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Interview with Betty R. Klein, C'82
Betty R. Klein, M.D., C ’82 – Opthalmologist
Major: Anthropology and Biological Basis of Behavior
Location: Danbury, Connecticut
How has your liberal arts degree been influential throughout your career?
I grew up in an era best depicted in the fictional series: Mad Men. My family was very traditional with a working father and a homemaker mother and, at least in this case, it was not a happy situation for anyone. As a child I was inspired by the independent spirit and intellectual stature of three very important anthropologists Mary Leakey, Jane Goodall and Margaret Mead. These women studied human and primate societies with scientific rigor and turned the same equanimous lens onto our own cultural roles, including but not limited to families. As a teenager I also loved the physical sciences and was encouraged to pursue medicine, a more practical and conventional path, by family, teachers and peers.
I was thrilled to be accepted to Penn but even more delighted when I discovered that it was possible to major in anthropology and simultaneously complete all of the pre-med requirements. Not only that, but all of the anthropology and archeology classes were held among the priceless antiquities of the University Museum.
After graduation, I continued on to Yale Medical School where I stayed for residency training in ophthalmology. I am currently a specialist in medical and surgical retina. I enjoy my current work because vision is important and the eye is an elegant and complex subject. I continue to see the challenges of working with colleagues, employees and patients in my community as an opportunity to gain a better understanding of human relationships and to grow as a person. Perhaps that is where my liberal arts education has helped in my career and in my personal life as well. I will always be grateful to Penn for allowing me to explore the world of my earliest role models while preparing for a really great career in medicine.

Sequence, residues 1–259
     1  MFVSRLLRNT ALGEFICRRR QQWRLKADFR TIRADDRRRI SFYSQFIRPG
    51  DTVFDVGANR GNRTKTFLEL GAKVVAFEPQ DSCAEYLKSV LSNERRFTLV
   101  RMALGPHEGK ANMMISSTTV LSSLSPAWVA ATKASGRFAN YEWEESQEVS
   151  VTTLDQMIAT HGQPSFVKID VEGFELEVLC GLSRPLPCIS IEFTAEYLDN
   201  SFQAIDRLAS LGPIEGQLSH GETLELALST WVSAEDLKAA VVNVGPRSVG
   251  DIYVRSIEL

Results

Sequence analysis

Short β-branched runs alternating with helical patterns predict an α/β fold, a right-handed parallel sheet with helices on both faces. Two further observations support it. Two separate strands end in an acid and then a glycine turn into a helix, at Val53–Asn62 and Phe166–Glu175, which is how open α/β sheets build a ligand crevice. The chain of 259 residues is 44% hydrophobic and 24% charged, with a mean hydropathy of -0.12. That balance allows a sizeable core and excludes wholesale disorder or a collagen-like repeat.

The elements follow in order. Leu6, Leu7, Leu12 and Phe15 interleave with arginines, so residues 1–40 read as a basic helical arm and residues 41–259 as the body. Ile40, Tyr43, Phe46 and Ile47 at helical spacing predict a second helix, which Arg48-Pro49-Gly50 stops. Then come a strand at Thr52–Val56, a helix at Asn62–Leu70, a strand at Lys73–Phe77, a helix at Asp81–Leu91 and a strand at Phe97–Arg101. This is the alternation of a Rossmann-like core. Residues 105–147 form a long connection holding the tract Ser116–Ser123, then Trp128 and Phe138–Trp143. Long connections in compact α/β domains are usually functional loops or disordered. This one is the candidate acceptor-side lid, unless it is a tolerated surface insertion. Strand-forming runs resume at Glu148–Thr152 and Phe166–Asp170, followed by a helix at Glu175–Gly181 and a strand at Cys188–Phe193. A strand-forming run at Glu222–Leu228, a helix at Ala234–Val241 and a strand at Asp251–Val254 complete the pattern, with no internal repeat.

How do you stay connected with Penn Arts and Sciences, and why is it a priority for you?
I have been interviewing for Penn for about three years now. I feel like I am still learning about the process. I firmly believe in the transformative power of an undergraduate education and I want young people to be aware of the exciting possibilities for them.
What advice would you give students at the College who are trying to decide what career path to pursue?
I would advise students to see their own minds and personalities as malleable. Be fluid, stay open to new ideas and remember to consider the smart people around you as potential collaborators by which you may accomplish mutual goals.
What was your favorite course at the College and why?
In the ‘80s there was an amazing class in Human Sexuality which was quite an eye opener at the time!